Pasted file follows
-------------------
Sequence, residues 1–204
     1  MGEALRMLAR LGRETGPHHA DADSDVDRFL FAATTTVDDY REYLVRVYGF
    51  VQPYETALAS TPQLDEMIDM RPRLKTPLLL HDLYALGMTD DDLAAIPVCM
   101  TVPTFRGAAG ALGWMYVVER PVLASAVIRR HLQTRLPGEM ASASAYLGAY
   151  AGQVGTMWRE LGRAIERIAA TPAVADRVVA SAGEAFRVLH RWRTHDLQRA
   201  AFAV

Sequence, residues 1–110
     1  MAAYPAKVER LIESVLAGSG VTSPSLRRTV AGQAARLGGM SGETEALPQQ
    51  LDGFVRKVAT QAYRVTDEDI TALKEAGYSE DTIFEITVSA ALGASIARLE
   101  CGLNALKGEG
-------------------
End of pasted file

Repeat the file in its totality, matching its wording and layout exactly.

Sequence, residues 1–204
     1  MGEALRMLAR LGRETGPHHA DADSDVDRFL FAATTTVDDY REYLVRVYGF
    51  VQPYETALAS TPQLDEMIDM RPRLKTPLLL HDLYALGMTD DDLAAIPVCM
   101  TVPTFRGAAG ALGWMYVVER PVLASAVIRR HLQTRLPGEM ASASAYLGAY
   151  AGQVGTMWRE LGRAIERIAA TPAVADRVVA SAGEAFRVLH RWRTHDLQRA
   201  AFAV

Sequence, residues 1–110
     1  MAAYPAKVER LIESVLAGSG VTSPSLRRTV AGQAARLGGM SGETEALPQQ
    51  LDGFVRKVAT QAYRVTDEDI TALKEAGYSE DTIFEITVSA ALGASIARLE
   101  CGLNALKGEG